7775/17 OZ/nc 1 DGC 2B Delegations will find in the Annex the

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Council of the
European Union
Luxembourg, 3 April 2017
(OR. en)
7775/17
COHOM 44
CFSP/PESC 300
DEVGEN 49
FREMP 37
OUTCOME OF PROCEEDINGS
From:
General Secretariat of the Council
On:
To:
3 April 2017
Delegations
No. prev. doc.:
7533/17 COHOM 39 COPS 102 CFSP/PESC 271 DEVGEN 46 FREMP 34
Subject:
Council Conclusions on the Promotion and Protection of the Rights of the
Child
– Council conclusions (3 April 2017)
Delegations will find in the Annex the Council Conclusions on the Promotion and Protection of the
Rights of the Child, adopted by the Council at its 3530th meeting held on 3 April 2017.
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ANNEX
COUNCIL CONCLUSIONS ON THE PROMOTION AND PROTECTION OF
THE RIGHTS OF THE CHILD
Foreign Affairs Council, 3 April 2017
1.
The Council is deeply concerned at the ongoing and grave violations and abuses of human
rights faced by so many children across the world. The EU recognises every child as a rights
holder and seeks to promote the protection of the rights of the child throughout the world and
to ensure respect for the best interests of the child in all policies affecting children. In light of
the adoption of the 2030 Agenda on Sustainable Development1 and its guiding principle to
"leave no one behind", the New York Declaration for Refugees and Migrants2, and in line
with the EU's commitment to mainstreaming human rights across all policy sectors in the
context of EU external action reaffirmed in the Global Strategy3, the Council welcomes the
revised Guidelines on the Promotion and Protection of the Rights of the Child (hereinafter 'the
Guidelines'), which aim to strengthen efforts to ensure that children in the most marginalised
and vulnerable situations are reached effectively by EU policies and action. The Council also
recalls the Council Conclusions on the Promotion and Protection of the Rights of the Child
(December 2014)4 and the EU Guidelines on Children and Armed Conflict (June 2008).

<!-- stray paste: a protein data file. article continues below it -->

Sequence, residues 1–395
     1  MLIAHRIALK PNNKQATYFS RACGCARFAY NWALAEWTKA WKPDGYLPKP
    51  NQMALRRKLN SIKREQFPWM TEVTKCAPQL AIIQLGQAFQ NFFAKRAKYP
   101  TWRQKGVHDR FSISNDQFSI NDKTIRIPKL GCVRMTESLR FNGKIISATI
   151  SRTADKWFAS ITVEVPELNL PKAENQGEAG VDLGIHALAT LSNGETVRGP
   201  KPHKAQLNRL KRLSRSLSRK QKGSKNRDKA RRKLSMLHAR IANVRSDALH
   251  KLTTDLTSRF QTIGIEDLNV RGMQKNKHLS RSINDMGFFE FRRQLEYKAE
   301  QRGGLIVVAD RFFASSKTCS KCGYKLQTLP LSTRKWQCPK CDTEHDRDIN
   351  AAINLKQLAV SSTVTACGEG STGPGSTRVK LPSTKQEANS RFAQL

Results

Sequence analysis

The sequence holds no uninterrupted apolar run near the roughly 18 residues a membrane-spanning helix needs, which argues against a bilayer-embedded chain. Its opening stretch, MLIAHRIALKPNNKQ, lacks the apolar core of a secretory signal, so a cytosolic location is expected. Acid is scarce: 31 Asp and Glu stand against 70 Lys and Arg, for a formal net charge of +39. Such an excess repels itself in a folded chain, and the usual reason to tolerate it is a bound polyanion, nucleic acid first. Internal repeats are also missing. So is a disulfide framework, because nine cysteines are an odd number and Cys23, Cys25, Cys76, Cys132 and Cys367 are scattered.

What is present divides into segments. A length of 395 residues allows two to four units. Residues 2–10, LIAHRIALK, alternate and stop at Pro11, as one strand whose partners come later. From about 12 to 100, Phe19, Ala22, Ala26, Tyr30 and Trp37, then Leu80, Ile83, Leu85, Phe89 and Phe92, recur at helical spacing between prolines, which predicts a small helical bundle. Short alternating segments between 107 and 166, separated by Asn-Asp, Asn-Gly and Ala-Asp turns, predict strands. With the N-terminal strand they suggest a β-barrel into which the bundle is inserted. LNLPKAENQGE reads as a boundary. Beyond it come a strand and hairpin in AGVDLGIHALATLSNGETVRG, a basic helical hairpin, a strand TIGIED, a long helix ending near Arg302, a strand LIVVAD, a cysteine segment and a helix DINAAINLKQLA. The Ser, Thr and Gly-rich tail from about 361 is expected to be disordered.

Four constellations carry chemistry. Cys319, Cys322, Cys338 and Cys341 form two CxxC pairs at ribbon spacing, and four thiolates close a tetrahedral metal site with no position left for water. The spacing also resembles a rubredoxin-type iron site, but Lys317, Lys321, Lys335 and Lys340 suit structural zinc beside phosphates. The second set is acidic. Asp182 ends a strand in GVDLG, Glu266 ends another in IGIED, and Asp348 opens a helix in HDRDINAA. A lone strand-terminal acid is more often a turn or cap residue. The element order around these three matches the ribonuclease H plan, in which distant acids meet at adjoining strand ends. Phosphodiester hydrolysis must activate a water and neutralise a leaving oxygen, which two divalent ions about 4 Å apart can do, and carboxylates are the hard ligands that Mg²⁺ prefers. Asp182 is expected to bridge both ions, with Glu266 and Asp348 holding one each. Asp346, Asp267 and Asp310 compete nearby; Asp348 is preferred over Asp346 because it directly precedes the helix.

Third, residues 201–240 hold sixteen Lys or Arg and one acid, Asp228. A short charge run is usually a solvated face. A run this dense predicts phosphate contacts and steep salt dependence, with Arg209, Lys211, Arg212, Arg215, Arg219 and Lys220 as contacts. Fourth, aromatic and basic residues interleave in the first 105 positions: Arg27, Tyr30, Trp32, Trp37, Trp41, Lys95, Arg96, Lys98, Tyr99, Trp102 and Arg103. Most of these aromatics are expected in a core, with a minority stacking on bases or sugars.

1
2
3
4
Transforming our world: the 2030 Agenda for Sustainable Development, Resolution adopted by the General
Assembly, 25 September 2015 (UNGA A/RES/70/1)
New York Declaration for Refugees and Migrants, A/71/L.1*, 13 September 2016
Global Strategy for the European Union's Foreign and Security policy
https://europa.eu/globalstrategy/en/global-strategy-foreign-and-security-policy-european-union
The Council Conclusions on the Promotion and Protection of the Rights of the Child (December 2014) primarily
address EU internal policy.
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2.
The Council considers it important that these Guidelines promote a systems-strengthening
approach by identifying all the necessary measures, structures and actors which need to be in
place to protect all the rights of all children, including and especially those in the most
vulnerable and marginalized situations, such as, but not limited to, internally displaced,
migrant and refugee children, unaccompanied children, children with disabilities, children
belonging to a minority group, those who live in poverty or in conflict and fragile situations,
children deprived of their liberty or in conflict with the law, children deprived of education
and children forced to work, victims of child, early and forced marriages and other harmful
practices, such as female genital mutilation. This approach also takes into account the
different gender and age based needs of girls and boys.
3.
The EU will continue to actively engage in the processes leading to the elaboration of the
Global Compact on Refugees and Global Compact on Migration. In this context, the Council
highlights the need to protect the human rights and fundamental freedoms of all refugee and
migrant children, regardless of their status, and give primary consideration at all times to the
best interests of the child, including unaccompanied children and those separated from their
families, in full compliance with the UN Convention on the Rights of the Child (UNCRC) and
its Optional Protocols; striving to provide refugee and migrant children with a nurturing
environment for the full realization of their rights and capabilities. The protection of children
is mainstreamed in all segments of the European migration policy.
In line with the Guidelines, the Council in particular:
4.
Reaffirms that the UNCRC and its three Optional Protocols; on the Sale of Children, Child
Prostitution and Child Pornography, on the Involvement of Children in Armed Conflict and
on a Communication Procedure, constitute the primary international standards in the
promotion and protection of the rights of the child. The EU will continue to support and
encourage partner countries to ratify and implement these instruments.
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5.
Underlines the indivisibility of the rights of the child as set out in the UNCRC and the
primary consideration to be given to all four General Principles of the Convention; the best